No. This one matters. A LOT.
Both political parties use gerrymandering to limit the political influence of the other party. Been like that….well, forever. It’s not pretty, and if you want to have a discussion on how there ought to be a constitutional amendment to end the practice, I’d be amenable to that discussion, and very possibly we’d find common ground.
Back to North Carolina. In the North Carolina case, the majority opinion was that the maps were drawn to intentionally disadvantage race. There was a dissent from one judge who believed that the evidence did NOT show that, and oddly, the maps had been approved by the Obama Justice Department years before, and the Obama Justice Department was not shy about suing states that they believed were in violation of the VRA.
There are two problems with ruling that the maps were drawn on race, and both of the don’t involve opinion, they involve math.
The first problem is that it’s impossible to tell from looking at a voting map if it was drawn to disadvantage black voters (illegal) or if the voting map was drawn to disadvantage Democrat voters (legal) because of the high correlation between black voters and the party they vote for (Democrats).
The second problem is that there just aren’t that many overt racists in the US anymore. As you can see from this very apropos question from the General Social Survey…..
……and putting aside for the moment the reality that Dems and Republicans have about the same number of overt racists in their number, the logical observation can be made that no more than 5% of those Republicans who participated in drawing the maps are overt racists; and if only 5% of a given group is racist, then drawing the conclusion that the maps are racist is …… quite a stretch, to say the least.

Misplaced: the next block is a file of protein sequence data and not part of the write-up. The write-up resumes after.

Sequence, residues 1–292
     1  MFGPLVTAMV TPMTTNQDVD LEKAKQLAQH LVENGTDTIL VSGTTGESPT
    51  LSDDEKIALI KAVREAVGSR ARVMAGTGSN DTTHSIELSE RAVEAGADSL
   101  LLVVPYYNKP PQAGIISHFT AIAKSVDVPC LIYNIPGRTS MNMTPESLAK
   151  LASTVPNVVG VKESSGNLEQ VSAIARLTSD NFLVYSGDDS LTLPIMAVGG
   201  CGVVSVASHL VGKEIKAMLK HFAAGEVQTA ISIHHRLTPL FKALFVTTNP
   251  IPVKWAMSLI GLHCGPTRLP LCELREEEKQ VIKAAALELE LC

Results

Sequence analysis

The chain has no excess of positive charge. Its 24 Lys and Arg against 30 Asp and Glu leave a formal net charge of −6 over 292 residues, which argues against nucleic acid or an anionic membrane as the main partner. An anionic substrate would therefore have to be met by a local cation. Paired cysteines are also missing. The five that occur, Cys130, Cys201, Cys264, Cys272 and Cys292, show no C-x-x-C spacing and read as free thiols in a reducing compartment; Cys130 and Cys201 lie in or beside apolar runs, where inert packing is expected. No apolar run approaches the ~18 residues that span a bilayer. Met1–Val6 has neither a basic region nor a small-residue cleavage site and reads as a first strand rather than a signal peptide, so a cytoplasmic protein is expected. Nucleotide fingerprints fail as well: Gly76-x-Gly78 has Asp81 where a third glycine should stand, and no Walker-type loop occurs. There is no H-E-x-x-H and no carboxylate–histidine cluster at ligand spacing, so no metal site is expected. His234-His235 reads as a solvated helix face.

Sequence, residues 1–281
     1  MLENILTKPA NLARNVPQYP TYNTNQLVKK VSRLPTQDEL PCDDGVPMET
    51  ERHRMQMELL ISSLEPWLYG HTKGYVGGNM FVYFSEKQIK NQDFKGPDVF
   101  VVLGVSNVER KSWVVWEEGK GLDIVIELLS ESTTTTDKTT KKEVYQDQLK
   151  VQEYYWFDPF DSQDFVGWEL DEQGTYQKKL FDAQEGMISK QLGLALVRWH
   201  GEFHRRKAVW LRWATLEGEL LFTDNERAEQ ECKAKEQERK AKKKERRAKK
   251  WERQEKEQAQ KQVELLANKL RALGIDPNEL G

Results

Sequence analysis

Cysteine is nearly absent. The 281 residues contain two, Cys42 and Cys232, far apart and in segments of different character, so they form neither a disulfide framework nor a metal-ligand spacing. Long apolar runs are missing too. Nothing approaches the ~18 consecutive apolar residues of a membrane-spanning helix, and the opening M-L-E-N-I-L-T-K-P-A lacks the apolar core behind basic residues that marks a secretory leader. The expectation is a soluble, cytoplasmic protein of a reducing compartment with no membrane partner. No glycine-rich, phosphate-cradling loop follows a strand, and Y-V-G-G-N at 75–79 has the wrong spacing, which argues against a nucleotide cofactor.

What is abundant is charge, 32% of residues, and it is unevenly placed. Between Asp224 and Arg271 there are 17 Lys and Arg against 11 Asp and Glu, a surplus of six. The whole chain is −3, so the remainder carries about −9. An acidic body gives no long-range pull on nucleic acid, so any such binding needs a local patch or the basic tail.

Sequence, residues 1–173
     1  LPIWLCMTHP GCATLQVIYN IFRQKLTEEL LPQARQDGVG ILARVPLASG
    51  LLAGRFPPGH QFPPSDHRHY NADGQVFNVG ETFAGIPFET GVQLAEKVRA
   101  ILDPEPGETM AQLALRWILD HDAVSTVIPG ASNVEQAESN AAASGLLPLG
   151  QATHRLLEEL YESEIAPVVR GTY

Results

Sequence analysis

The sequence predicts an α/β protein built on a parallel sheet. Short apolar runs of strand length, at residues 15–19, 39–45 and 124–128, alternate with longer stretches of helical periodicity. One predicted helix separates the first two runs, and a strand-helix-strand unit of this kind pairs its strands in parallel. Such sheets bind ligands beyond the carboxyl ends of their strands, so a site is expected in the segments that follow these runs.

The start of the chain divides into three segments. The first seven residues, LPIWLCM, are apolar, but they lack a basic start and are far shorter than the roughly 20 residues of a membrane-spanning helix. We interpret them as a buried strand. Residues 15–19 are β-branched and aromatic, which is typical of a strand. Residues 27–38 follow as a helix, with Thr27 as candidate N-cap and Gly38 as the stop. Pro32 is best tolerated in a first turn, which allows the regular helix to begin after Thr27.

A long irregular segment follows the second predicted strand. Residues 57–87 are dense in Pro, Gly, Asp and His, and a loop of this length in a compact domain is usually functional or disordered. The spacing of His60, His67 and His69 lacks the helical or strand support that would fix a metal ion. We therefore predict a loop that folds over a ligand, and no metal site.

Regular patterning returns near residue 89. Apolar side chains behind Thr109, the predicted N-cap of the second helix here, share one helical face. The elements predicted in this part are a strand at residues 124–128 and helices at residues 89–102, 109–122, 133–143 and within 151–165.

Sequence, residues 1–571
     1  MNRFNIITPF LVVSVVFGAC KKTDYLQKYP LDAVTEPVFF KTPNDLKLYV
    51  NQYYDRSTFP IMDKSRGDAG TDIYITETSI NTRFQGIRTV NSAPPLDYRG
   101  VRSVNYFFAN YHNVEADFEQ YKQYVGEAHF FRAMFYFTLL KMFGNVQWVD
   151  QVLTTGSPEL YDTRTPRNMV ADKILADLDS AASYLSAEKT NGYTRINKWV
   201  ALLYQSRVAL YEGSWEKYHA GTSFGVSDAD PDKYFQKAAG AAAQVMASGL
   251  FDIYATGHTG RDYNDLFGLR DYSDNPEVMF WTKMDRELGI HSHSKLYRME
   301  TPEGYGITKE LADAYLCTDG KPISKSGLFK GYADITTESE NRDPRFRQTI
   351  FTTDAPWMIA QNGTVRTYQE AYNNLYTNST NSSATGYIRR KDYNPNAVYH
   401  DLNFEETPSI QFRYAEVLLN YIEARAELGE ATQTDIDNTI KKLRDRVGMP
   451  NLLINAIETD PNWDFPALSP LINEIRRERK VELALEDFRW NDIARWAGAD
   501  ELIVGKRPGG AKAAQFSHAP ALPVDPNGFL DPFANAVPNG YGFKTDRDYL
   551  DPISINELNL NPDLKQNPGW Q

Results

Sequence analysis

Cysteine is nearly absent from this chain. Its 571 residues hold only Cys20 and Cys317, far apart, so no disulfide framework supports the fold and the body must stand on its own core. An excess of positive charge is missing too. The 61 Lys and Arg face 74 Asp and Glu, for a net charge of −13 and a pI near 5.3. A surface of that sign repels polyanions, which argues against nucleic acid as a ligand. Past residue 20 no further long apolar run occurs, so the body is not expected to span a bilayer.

So, based on those facts, and in lieu of actual evidence to the contrary (like some emails or something proving that the legislators were actually intending to disenfranchise black voters) I’d say that it’s rather illogical to draw the conclusion that anyone drawing the maps did so with racist intent.
So, from the exchange we’ve had, I think it;s rather clear that when YOU see the North Carolina ruling, you assume racism, because…..that’s kind of what you assume. However, when I see the North Carolina ruling……I see statistics which lead me to question that conclusion.
Now, let’s dig under the covers a little farther than you did. The article that covers the SCOTUS verdict on this includes this little gem:
The contested districts were both held by black Democrats. Critics said the goal was to dilute minority voting strength outside of those two districts and
preserve the power of neighboring white Republicans.
Hm. The 2016 election used the now-invalid map, and that map generated 2 seats now held by black representatives. North Carolina has 13 representatives; so the now-invalid map therefore resulted in 15% of its congressional delegation being held by black representatives.
North Carolina is 22% African American. So, a third African American seat would result in 23% of the seats being held by black legislators, which is the desired result of the VRA.
So, oddly, the PROBLEM in North Carolina is not the two contested districts; the PROBLEM is that the other Democrat district doesn’t vote for African Americans (there is one other Democrat district in NC, held by David Price, who is white (and who has been in the House since dinosaurs roamed the earth, it seems.)
Now, if you were to argue that the NC map is too heavily biased towards Republicans, I’d have to agree with that; the NC delegation is 77% GOP, in a state that runs about 55–45 GOP.
So, that was an interesting exercise, but let’s conclude:
- Racism is a heinous accusation to make towards anyone without demonstrable proof.
- Only people of low character would accuse anyone (or a group) of being racist sans convincing evidence.
- The NC map is a gerrymandered mess, but due to the high correlation between black voting patterns and the Democrat party, it’s impossible to conclude that any map was definitively drawn to disadvantage black representation.
Have you spent any time or energy getting Republican politicians to stop passing policies that prevent people from voting?
I have not spent any time or energy getting Republican politicians to stop doing something that I do not believe they are doing, no. :-)
Hope that helps.